Mr. Barbour, a former chairman of the RNC is finishing his second term as chief executive of the Magnolia State. Tested in such crises as Hurricane Katrina in 2005 and last year's tornado in his hometown of Yazoo City, Barbour is leaving the governor's mansion with high approval numbers, and (supposedly) an eye towards higher political office, i.e., the Presidency.
And before today's surprise announcement (some would say stunning), Governor Barbour had done nothing to discourage such speculation. He had formed an exploratory committee and recruited top GOP talent to run his campaign in early caucus and primary states like Iowa and New Hampshire. True, Mr. Barbour was barely registering in the polls (around 1% in the latest surveys), but as National Review reminds us, he had an out-sized presence in the fledgling race, attracting A-list donors and campaign staff.
So why did he pull out? Sources in Mississippi say Barbour's wife, Marsha, was "horrified" by the prospect of a national campaign. The governor himself questioned his own commitment to an uphill campaign, and there were political issues as well. In speeches earlier this year, Barbour seemed to cast himself as anti-interventionist, a position that other Republican candidates would describe as "anti-defense." Clearly, Governor Barbour didn't want to spend valuable time (and resources) having to fend off such attacks in the primaries, particularly in states like South Carolina and Florida with huge military populations.
There is also speculation that Mr. Barbour didn't like the odds of running--as a southern governor--against the nation's first African-American president. Almost a year before the first primary, members of the MSM were already hard at work, trying to depict Barbour as someone who was tolerant of racism. Of course, there is no truth in that charge, but as the governor knows, Republicans can be tarred as racists with only rumor and innuendo. That made Barbour's road to the GOP nomination even more difficult (and in his final judgement) unattainable.
Some would also argue that Mr. Barbour shot himself in the foot with ill-advised comments on race earlier this year. Recalling his childhood in Yazoo City, Barbour credited the local Citizen's Council with helping maintain the peace and keeping the Ku Klux Klan out of the town. That struck many as a myopic assessment. While the Yazoo City council may have been anti-Klan, they were also ardent segregationists. It wasn't exactly an endorsement of Bull Connor or Ross Barnett, but Governor Barbour's remarks did nothing to help his fledgling presidential bid.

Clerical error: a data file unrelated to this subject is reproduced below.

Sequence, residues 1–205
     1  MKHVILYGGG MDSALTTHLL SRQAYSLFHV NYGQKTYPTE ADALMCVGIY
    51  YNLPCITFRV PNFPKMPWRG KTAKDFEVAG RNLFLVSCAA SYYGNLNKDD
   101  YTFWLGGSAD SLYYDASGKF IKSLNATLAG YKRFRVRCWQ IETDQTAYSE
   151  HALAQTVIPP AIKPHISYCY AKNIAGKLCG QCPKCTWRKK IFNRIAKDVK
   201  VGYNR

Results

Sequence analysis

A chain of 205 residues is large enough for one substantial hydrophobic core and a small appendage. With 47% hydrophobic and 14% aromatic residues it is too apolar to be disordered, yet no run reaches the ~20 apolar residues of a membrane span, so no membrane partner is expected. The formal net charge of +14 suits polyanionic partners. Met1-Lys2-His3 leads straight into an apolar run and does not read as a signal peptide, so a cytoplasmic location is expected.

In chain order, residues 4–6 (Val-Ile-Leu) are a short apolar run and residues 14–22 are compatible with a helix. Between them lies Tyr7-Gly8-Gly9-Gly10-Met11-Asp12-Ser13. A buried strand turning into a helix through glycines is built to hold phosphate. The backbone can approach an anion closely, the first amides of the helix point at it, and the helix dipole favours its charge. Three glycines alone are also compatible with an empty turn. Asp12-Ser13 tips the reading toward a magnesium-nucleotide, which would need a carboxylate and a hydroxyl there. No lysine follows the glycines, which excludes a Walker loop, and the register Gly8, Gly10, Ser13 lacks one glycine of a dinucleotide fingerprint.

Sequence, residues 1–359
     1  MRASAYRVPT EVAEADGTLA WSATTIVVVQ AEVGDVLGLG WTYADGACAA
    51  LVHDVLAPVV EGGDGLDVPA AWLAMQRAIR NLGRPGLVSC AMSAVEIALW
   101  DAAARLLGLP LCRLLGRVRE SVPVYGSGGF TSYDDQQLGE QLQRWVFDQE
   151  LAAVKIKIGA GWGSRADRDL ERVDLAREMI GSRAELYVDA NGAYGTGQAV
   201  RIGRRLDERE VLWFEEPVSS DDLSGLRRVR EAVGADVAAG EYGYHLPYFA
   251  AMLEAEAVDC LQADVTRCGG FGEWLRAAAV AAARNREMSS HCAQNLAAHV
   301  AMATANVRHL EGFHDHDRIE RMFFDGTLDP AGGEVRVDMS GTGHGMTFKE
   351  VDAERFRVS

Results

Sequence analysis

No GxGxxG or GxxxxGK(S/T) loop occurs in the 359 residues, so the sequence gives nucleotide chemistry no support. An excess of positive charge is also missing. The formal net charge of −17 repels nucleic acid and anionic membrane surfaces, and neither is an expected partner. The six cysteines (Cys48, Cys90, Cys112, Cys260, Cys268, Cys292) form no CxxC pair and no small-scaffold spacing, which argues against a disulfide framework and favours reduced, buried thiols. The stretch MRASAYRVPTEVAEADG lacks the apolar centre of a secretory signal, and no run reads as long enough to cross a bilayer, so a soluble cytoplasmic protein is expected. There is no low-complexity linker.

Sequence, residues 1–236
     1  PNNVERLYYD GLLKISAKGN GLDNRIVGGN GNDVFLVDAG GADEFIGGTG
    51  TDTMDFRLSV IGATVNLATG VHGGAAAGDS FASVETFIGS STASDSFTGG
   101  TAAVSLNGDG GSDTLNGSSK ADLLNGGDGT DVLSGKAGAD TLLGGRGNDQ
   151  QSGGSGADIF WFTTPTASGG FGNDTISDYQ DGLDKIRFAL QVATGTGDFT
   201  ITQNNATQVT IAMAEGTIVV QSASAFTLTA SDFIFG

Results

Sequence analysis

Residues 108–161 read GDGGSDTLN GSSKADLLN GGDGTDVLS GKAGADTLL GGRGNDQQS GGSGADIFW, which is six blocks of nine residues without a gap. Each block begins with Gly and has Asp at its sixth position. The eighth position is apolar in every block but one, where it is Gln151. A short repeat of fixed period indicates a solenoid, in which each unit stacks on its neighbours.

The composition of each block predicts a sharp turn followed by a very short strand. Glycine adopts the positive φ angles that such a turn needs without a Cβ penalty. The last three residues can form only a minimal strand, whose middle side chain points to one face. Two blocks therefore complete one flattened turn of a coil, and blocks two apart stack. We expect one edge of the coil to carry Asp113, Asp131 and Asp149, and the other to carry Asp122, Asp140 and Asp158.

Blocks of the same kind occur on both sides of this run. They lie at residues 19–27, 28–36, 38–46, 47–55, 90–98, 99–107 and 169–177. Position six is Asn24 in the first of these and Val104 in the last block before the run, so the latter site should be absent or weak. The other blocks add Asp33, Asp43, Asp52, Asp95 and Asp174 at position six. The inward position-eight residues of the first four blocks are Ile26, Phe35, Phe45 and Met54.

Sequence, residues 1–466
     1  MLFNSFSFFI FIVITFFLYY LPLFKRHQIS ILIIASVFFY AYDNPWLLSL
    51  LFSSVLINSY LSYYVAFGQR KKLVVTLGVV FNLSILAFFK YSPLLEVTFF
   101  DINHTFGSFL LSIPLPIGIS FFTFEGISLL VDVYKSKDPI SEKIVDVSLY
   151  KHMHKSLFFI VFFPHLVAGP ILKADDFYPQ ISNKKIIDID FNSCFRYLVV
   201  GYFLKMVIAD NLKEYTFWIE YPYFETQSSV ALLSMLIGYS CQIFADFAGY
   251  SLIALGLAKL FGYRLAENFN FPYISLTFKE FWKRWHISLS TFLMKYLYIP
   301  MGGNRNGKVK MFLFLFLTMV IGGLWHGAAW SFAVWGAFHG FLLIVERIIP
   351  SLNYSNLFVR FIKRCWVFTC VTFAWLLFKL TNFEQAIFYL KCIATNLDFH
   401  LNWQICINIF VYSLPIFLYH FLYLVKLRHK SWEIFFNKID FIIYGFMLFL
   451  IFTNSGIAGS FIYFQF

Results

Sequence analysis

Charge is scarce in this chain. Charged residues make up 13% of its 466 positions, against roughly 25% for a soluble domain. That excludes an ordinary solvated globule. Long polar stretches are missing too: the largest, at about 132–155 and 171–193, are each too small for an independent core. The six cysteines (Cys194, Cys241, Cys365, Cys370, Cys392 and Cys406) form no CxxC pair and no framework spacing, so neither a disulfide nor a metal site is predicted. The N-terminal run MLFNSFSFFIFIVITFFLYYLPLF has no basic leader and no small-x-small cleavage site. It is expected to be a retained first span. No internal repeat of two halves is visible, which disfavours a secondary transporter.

While Mr. Barbour and his supporters are undoubtedly disappointed, there may be something of a consolation prize in the very near future. Instead on focusing on a losing bid for the White House, the Mississippi Governor can concentrate on an office that can be easily won and may be open in the very near future. We refer to the Senate seat of Thad Cochran, the first Republican to represent Mississippi in that body since Reconstruction. First elected in 1978, Senator Cochran has cruised to victory in five subsequent campaigns. Still, there have been rumors that Mr. Cochran may call it a career in 2014, and not run for re-election. If that happens, Haley Barbour instantly becomes the preemptive favorite for the seat.
True, the road from the World's Greatest Deliberative Body to the White House has often been bumpy, but it can be done (consider the current occupant of the Oval Office). As a successor for Cochran, Mr. Barbour would be on the national stage, with plenty of opportunities to rebuild his support network in time for a 2016 run. After all, Mr. Barbour is anything but a novice, and hardly a political unknown. Or, he could simply finish out his political days in the Senate, as countless others have done.
Among Republicans, there are few more astute interpreters of the political tea leaves than Haley Barbour. He saw no chance of winning his party's nomination in 2012, and wisely decided against a futile run for the White House. But Mr. Barbour is not quite ready to retire from politics, either. That's why we believe today's decision was influenced (in part) by events that will unfold over the next two years. Haley Barbour won't be President in 2014, but he may be Senator-elect from Mississippi, back on the national stage and weighing his options.